COUTO: ‘Freshman 15’ myth is outdated concept
Opinions Column: Through the Looking Glass
Even though today’s social media platforms are filled with content that promotes body positivity, the same cannot be said for college campuses across the nation. For example: the idea of the "freshman 15." As a graduating senior in high school, I was both excited and anxious at the prospect of starting college and preparing for this next phase in my life. I spent hours researching all of my academic options, reading about different professors and devising lists of residence hall essentials. But there is one thing that repeatedly kept coming up in my research: the dreaded "freshman 15" and how to avoid it. YouTubers that I admired and looked up to at the time who dedicated entire digital series to college-related advice would have at least one video in which they detailed their “weight-loss journey” after packing on the pounds their first year at university.
Interestingly, appeared in an issue of Seventeen magazine as early as 1989. “Before that, the only medical research to mention first-year weight-gain was a 1985 Addictive Behavior study in which the subjects gained an average of just 8.8 pounds. From there, references to the phenomenon bounced around in articles in 'Shape' and 'American Cheerleader,' few of which consulted experts. As more and more magazines and newspapers covered the trend, they neglected to mention that it was scientifically unsubstantiated, as University of Oklahoma Library Sciences professor Cecelia Brown found in a 2008 review."
Even though this is not the case for all first-year students by any means, I know that personally the "freshman 15" is something that had a very negative impact on my first semester at college. I got sucked down the rabbit hole that is the internet the summer after graduating high school, and with that I stumbled upon several articles and watched an arguably unhealthy amount of YouTube videos on how to avoid gaining weight in college. This led me to restricting my calories and visiting the gym obsessively during my first semester, opting to exclude myself from certain social activities for fear that I would not be able to resist the extra-cheesy pizza and fudge-laden brownies offered at almost every event on a college campus. I quickly became depressed and socially isolated all because our culture promotes this idea that weight gain is shameful and indicates a lack of self-control. I wish someone had told me at the time that, while “it’s of course good to exercise and use portion control,” most “students will probably not gain 15 pounds. They will gain, research shows, just 2.5 to 6.” Moreover, according to a study conducted in 2011, “the most significant factor that actually contributes to college weight-gain” is the consumption of alcohol. This study “found that having six or more drinks on at least four days per month was the only thing that made a significant difference when it came to keeping one’s high-school figure.” In other words, a young adult’s typical aversion to vegetables has little to do with college weight-gain, contrary to what I believed as I stuffed my face with salads that first semester. And if that is not enough, it has been found that this increase in weight is in fact “a natural part of adulthood, not something unique to dorms and dining halls. College freshmen gain just half a pound more than people their age who don’t attend college.”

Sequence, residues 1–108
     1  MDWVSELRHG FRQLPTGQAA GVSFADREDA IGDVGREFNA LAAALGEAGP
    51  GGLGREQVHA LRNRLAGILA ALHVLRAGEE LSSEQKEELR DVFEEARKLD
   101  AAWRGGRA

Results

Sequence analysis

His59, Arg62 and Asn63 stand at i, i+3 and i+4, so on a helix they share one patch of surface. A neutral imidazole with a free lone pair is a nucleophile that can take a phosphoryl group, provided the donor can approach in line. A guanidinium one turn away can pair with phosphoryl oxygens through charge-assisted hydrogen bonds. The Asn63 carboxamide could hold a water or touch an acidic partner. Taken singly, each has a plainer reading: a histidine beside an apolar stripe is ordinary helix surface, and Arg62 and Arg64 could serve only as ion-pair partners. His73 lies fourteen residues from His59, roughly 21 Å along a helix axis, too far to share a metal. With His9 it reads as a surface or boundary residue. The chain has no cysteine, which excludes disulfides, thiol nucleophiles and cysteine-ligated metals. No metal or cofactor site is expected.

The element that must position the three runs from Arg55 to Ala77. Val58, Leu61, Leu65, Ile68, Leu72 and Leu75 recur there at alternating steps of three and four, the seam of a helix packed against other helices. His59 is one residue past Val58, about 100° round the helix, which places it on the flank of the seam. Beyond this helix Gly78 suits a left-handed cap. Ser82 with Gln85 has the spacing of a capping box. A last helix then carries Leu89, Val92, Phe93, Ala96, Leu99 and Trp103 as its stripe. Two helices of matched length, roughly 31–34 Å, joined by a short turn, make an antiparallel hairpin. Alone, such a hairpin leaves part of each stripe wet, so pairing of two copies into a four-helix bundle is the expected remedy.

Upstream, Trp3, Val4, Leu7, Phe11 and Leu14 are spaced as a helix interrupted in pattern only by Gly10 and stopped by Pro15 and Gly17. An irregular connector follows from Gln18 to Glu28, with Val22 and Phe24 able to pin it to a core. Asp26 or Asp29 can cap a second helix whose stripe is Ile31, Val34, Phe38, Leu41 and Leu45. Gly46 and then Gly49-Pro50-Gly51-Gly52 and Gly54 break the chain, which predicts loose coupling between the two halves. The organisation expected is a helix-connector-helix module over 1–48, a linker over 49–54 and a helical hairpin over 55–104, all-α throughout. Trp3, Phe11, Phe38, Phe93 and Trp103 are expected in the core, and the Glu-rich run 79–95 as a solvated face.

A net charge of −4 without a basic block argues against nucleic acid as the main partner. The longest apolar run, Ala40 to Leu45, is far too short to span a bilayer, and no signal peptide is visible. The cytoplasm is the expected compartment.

I sincerely hope that with the recent surge in the body positivity movement, the concept of the "freshman 15" will eventually cease to exist. So what if you gain a few pounds in college? If those love handles and expanded waistlines are the result of memorable nights shared with new friends over greasy french fries and gooey chocolate chip cookies, why does that have to be such a terrible thing? I propose that we, as current college students and future leaders, take a stand to end the stigma around weight-gain and fat shaming. The "freshman 15" is an outdated and unhealthy concept looming over the heads of many college students, all of which would be better off without the added and unnecessary pressure to keep the number on the scale below a specific amount. We as a society need to accept that weight fluctuations are a perfectly normal part of the human experience, particularly when going through major transitions, such as moving out of your parents’ house for the first time and learning to navigate the world as an independent adult — one who eventually learns to make sensible food choices. But in the meantime, let us enjoy the few years we have left as students and all the calorie-dense, occasional free food that comes along with it.
Ana Couto is a School of Arts and Sciences sophomore majoring in English and journalism and media studies. Her column, "Through the Looking Glass," runs on alternate Mondays.
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